Logitech Revue Summary

David Boehm October 7, 2010 0

The Logitech Revue was officially announced today and pnosker.com was at the New York press event.  Pat Nosker live blogged a lot of the important information, but here is the information in a slightly more organized format.





The Revue is an interesting piece of technology that is geared to unifying and simplifying your home entertainment system.  The Revue is designed to filter and enhance that audio and video content that you are already viewing.  To use the Revue, you simply redirect the HDMI cable that was plugged into your TV through the Revue and give it access to the internet.



Now that the Revue is hooked up, you now have access to Google TV.  Google TV is a media management system built on top of Android.  The two things that excites me the most about Google TV is unified searching and full web browsing.  A Google search bar can be brought up at any point.  Typing into the search box brings up results as you type, but that really interesting thing about this search bar is just how much it searches.  In addition to the internet, the search bar also give you results from your dvr, the internet, tv listings, and your computer, assuming all of those things are connected.  Here you can see the search overlay with a movie still playing underneath.

If your search guides you to a webpage, Google TV will open up a special version of Google Chrome.  The claim is that it is fully functioning, but while playing with it at the press event, the flash plugin crashed several times.  In fact, the first site that it failed on was Logitech's own website.  Other flash applications seemed to work fine though, such as videos hosted on topgear.com and youtube. 

By controlling the output's of your other devices, the Revue is also able to do a form of picture in picture.  While you are browsing the internet, or using any other Google TV feature, you can continue watching your TV show in a small box in the lower right hand corner of the screen.

Since Google TV runs on Android, you will be able to download apps from the Android Market when it goes up in 2011.   The Revue comes loaded with a few apps by default.  Some of the apps that we saw at the event: CNBC real time, Gallery, Google Chrome, Logitech Help Assistant, Logitech Media Player, Logitech Vid HD, Napster, NBA Game Time, Netflix, Pandora, PBS, NBA.com TV, USA, Youtube, Vimeo, Twitter.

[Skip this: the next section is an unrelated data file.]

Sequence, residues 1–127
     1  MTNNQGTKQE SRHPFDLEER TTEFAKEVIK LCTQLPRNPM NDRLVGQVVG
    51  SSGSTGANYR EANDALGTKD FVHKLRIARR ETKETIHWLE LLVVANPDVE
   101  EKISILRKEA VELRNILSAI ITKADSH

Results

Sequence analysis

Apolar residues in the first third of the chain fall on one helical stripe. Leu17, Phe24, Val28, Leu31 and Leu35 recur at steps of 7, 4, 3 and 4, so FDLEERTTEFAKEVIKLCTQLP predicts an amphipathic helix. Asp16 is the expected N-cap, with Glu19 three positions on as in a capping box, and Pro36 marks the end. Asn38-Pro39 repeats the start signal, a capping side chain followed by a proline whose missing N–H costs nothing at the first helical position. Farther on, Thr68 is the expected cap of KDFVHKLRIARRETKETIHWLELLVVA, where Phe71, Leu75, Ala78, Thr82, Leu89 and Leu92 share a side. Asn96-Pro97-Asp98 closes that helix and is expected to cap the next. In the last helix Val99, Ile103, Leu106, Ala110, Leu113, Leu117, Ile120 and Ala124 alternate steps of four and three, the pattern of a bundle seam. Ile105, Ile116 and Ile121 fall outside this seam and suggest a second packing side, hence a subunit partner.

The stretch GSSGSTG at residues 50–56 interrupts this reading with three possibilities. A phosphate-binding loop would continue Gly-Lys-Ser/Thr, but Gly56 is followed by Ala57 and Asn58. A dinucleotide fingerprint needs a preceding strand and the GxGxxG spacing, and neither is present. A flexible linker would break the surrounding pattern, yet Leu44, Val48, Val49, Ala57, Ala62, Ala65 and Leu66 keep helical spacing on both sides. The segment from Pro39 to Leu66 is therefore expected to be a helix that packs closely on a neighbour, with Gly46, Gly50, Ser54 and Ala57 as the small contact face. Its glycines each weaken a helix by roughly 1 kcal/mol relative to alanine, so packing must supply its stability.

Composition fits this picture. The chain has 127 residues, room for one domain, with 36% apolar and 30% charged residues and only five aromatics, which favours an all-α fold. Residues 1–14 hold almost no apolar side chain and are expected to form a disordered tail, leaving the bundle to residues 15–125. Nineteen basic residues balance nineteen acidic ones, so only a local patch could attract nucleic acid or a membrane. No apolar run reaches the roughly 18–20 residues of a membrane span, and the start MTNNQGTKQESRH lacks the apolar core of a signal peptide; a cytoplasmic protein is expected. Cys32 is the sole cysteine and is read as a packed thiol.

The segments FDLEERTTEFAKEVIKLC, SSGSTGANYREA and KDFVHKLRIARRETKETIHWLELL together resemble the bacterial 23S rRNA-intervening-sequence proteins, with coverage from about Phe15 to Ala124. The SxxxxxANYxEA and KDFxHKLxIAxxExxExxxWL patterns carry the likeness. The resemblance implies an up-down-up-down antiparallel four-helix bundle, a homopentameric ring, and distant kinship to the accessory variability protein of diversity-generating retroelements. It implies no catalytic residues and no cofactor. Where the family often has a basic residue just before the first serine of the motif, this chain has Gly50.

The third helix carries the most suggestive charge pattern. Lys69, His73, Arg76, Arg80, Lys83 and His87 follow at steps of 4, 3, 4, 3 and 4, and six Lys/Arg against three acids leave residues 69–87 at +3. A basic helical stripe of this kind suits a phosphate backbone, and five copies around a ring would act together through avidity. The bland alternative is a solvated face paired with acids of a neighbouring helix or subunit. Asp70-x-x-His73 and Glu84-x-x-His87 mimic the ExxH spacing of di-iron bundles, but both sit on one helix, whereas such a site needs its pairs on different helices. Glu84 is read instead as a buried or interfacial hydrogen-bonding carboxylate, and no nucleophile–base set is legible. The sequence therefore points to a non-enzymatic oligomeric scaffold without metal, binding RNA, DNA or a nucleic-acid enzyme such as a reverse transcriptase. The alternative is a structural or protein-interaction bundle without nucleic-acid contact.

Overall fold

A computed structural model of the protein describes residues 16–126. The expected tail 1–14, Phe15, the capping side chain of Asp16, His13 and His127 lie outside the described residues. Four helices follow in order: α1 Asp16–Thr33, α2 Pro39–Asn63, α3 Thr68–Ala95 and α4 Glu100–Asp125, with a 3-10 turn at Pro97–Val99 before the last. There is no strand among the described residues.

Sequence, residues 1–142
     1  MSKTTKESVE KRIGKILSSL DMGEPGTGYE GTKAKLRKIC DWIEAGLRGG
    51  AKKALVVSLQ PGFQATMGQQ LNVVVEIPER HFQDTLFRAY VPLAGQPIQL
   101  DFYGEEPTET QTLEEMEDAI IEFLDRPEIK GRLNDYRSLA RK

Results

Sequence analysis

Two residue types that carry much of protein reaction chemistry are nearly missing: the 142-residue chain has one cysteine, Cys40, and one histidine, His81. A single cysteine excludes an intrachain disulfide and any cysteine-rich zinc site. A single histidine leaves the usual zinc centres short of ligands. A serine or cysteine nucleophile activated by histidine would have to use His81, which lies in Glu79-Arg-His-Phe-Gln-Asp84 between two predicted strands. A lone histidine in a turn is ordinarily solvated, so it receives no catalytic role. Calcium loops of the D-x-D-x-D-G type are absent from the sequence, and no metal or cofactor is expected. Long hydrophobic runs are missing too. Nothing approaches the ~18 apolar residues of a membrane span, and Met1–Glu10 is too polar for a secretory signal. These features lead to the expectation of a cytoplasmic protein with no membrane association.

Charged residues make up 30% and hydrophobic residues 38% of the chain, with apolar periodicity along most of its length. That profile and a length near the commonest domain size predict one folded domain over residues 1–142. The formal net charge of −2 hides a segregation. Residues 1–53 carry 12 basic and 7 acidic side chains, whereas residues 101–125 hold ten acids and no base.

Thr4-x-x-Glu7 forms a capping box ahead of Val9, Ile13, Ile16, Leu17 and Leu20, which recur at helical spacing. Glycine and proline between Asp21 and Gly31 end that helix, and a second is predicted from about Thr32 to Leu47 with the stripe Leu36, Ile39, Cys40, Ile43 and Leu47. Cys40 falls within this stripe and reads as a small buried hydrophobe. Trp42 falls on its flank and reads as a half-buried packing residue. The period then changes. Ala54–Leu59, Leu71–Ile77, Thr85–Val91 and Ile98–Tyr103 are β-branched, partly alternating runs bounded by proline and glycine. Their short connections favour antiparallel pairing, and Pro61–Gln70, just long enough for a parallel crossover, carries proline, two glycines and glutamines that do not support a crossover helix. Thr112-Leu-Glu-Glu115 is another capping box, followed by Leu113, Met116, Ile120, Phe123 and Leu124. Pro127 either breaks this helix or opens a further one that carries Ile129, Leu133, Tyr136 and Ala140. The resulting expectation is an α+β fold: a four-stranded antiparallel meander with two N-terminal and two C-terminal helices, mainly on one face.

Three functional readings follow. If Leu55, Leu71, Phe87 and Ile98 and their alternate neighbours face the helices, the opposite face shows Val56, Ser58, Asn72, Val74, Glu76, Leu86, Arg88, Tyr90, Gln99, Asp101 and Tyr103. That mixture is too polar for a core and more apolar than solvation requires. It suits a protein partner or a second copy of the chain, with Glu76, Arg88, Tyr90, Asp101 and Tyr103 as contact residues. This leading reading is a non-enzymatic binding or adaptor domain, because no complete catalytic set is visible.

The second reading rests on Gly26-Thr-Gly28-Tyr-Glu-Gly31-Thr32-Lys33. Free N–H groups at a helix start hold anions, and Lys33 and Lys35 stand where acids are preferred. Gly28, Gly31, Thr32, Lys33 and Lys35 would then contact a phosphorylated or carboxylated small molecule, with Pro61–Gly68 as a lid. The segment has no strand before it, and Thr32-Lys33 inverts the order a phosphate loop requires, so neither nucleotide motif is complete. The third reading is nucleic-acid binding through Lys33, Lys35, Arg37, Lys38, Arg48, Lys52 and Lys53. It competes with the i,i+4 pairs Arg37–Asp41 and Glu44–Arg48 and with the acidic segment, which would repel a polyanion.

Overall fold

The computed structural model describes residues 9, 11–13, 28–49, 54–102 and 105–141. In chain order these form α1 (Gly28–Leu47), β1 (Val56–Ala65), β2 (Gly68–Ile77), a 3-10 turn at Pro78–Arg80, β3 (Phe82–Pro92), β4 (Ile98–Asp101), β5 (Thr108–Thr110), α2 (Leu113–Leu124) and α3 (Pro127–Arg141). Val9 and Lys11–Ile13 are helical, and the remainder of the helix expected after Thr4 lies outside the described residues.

The Logitech Revue is designed to be integrated with the DISH network DVR, but will still work for the most part with any television provider.  It was a bit unclear what features required DISH to work, but I believe that the search bar will not be able to search another company's dvr.

Logitech designed the Revue to be controllable with a wide variety of devices.  To name a few: a keyboard, a minicontroller, Harmony Remotes, and even smart phones.  

This wireless keyboard is the best control device in my opinion, though I only played with each one briefly.  It is a keyboard with a touch pad and directional pad built into it.  It is 122 mm x 23.89 mm x 334.6 mm (WxHxD) and weighs 289 g.  It has a handful of buttons that make controlling Google TV and media in general easier.  It runs on two AA batteries and has a claimed battery life of close to a year with normal use.  It can be turned off manually, but will go to sleep when not in use.  The keyboard is currently being bundled with the Revue, but can be bought separately for $99.99.


The mini controller is more compact but still has most of the functionality of the larger keyboard.  It is 23.7 mm x 89.77 mm x 151.77 mm and weighs 166 g.  As you can see in these two pictures, the circular part of the controller changes between a d-pad and a touch pad.  Though less clear from these pictures, the keys are also illuminated so this controller can be used in low light situations.  It comes with a small usb adapter so can be used to control any device with usb hubs.  Unlike the keyboard, it runs off of a rechargeable battery.  It is being sold for $129.99 .

The last thing I am going to discuss at the moment is the Logitech TV cam.


The TVcam allows you to use the Logitech Vid HD app.  This allows you to make HD quality video calls to not only other Revue users, but also to people using computers.  The camera allows HD 720p video calls.  Since the app is built into Google TV, you get on-screen notification and caller ID so you can know who’s calling and you have the option to answer or ignore the call, while you are watching TV.  See what calls you missed via a call notification icon on Vid HD and an LED light on the TV Cam that lights up when you’ve missed a call – even when your TV is off.  Since the camera is designed to sit on your TV, it has a wide-angle lens to ensure that you and your surroundings are captured.  It has two digital, directional microphones to help reduce noise and echoes in a living room environment.


Ok, I think that covers most of the important information, but I will try to add more as it comes out.  New information will be added in the appropriate place as well as in my list of facts.  You can preorder the Revue now, but it wont be out until the end of October.

[Logitech Revue Companion Box with Google TV and Keyboard Controller] – $299.99

Some facts about the Revue:

$299.99 bundled with the wireless keyboard.

Supports mkv video playback

HD 30 Fps requires 1Mbps upload

Logitech Revue companion box (WxHxD) Dimensions: 247 mm x 171 mm x 36.1 mm

Weight: 600 g

HDMI input: 1080p/60fps, 1.3a w/ CEC

Networking: Wireless: 802.11a/b/g/n

Wired: Ethernet 10/100 Base-T

Audio optical output (S/PDIF)

Two USB 2.0 ports

Integrated Logitech Harmony® Link IR blaster

Logitech Unifying wireless technology

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